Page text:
Taxes: A modest proposal
By H. Wayne Schow
In the course of an over-long election season, it became clear that a great many people react viscerally against being taxed. “My money is mine,” they say. “I worked hard for it [or maybe they didn’t], so don’t tell me that government spending has an upside.” That’s the gist of their angry complaint. They suffer from what might be called the Grover Norquist syndrome. “I hate government waste,” they thunder, “and I hate government handouts to lazy freeloaders [unless, of course, they happen in one way or another to be a recipient, in which case it’s not a handout per se and certainly justified].”
It’s a dilemma isn’t it. Anybody who thinks about it with an open mind must admit that government does a lot of good things for just about everyone (more for some than others, to be sure, and it’s not necessarily the poor who benefit most—the rich do pretty well with tax loopholes and policies that are capital-friendly). Still, come tax time, when we look at the bite the Feds have taken, many of us want to grumble a little, feeling slightly bruised. Others are so resentful they’d like to secede from the country. That’s resentment big time.
What’s needed is a strategy that would make people feel not merely good about paying their taxes but even look forward to it. Sounds impossible, doesn’t it?
To be honest, I don’t think you could base such a plan on altruism or an appeal for personal sacrifice. Human nature being what it is, self-interest (or at worst greed) is all too often the bottom line. So that must be acknowledged up front and factored in.
Well, I think I’ve found the solution—and it’s been right there staring us in the face for quite some time.
Not long ago while driving to town, I read a billboard message: “$100 million raised for Idaho by the Idaho Lottery.” Or it was something close to that.
It started me thinking creatively. Just about everyone I know throws a few dollars at the lottery now and again; some people even do it with disciplined regularity. And do you know what? I’ve never heard any of these people complain about the result. Doesn’t matter that the odds against a big payoff are ridiculously short. Doesn’t matter that their wallet is thinner. Doesn’t matter that they lose. There’s just the excitement of the remote possibility that you might make a LUCKY SCRATCH and voila! it could be a grand new life on easy street.
Wow! Suddenly the vision hit me. It’s so obviously a marriage made in heaven. We just have to COMBINE TAX PAYMENT WITH A LOTTERY.
Here’s how: You’d set aside one percent of the tax income, give or take, for lottery prizes. But nationally that would amount to millions and millions and millions to be doled out to the lucky players in USA TAX LOTTO. And the lottery tickets would be apportioned based on the amount of tax paid. That’s the genius of it—it would be absolutely fair for all players; no one could complain about socialistic redistribution of tickets and the odds of winning. (Freeloading non-taxpayers, too bad for you.)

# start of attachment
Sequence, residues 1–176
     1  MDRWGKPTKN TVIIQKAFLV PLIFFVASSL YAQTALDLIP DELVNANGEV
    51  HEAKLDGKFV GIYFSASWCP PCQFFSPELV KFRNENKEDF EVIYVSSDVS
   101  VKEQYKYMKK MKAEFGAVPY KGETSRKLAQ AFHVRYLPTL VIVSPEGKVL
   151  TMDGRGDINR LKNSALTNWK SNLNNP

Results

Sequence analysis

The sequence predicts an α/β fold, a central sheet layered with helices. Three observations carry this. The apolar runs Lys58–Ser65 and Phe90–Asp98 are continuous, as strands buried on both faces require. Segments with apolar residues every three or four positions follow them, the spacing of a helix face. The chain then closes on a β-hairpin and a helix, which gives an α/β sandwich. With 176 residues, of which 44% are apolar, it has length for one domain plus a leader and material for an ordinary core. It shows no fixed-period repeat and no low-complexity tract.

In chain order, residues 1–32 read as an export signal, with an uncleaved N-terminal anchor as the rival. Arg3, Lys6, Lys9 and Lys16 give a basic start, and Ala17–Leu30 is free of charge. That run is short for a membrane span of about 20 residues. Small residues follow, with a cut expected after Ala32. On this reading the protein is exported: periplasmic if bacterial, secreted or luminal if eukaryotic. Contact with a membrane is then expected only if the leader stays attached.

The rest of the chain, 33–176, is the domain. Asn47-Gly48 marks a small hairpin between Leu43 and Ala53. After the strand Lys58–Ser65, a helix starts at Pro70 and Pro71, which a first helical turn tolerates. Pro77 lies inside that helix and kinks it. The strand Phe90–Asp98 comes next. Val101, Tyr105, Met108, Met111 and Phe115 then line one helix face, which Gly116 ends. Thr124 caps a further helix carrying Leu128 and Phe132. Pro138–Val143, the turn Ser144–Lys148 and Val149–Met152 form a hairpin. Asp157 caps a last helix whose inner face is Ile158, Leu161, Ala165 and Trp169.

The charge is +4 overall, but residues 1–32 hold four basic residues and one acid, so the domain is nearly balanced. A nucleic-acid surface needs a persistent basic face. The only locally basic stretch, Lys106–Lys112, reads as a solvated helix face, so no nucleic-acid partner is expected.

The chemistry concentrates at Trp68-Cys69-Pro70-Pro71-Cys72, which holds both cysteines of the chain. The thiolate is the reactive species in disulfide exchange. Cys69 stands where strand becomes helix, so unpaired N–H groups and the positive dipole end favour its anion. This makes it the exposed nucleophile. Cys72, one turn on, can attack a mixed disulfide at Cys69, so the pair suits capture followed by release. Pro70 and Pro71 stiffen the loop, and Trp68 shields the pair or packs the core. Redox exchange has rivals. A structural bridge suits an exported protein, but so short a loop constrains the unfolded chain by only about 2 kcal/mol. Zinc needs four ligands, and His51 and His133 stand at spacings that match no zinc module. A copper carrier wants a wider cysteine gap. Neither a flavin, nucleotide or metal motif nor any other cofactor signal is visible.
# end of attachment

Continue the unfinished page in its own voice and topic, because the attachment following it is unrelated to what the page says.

Suddenly citizens would no longer resent paying their taxes. They’d look forward to it. They couldn’t wait. Everybody would want to pay early. They’d probably even throw in a few hundred or a few thousand dollars extra—or even more—just to get more tickets and increase their chances of winning big.
I’m confident that such overpayments would not merely cover the cost of lottery prizes offered; the considerable excess could be used to pay down the national debt painlessly, without forcing anyone to sacrifice—which after all is just what everyone wants, right?
Politicians could forget about making arguments to the deaf ears of grumpy citizens that, after all, their taxes serve the commonweal. Our representatives wouldn’t be intimidated that voters might throw them out of office if good sense and fiscal responsibility called for a tax increase. Voters would no longer care—because their own self-interest would obliterate other considerations.
I should mention an additional upside to this proposal. With extensive nationwide advertising and administration, it would create many new jobs in every state in the union and thus bolster the economy. Lawmakers and citizens alike would love that (the former could take credit for bringing home the pork). And, of course, privatizing the USA TAX LOTTO would certainly be an option if anyone objected that this would otherwise grow the Federal Government undesirably.
It’s just a win-win-win proposition all the way around.
Some will say that with implementation of this idea I will have done a public service deserving of the nation’s gratitude. Perhaps some will even wish to make me a regular gratuity, a pittance of a percentage, taken from the national lottery prize pot. But I will modestly decline, feeling sufficiently rewarded in the satisfaction of having made such a beneficial gift to my fellow Americans.
H. Wayne Schow of Pocatello is a professor of English emeritus at Idaho State University.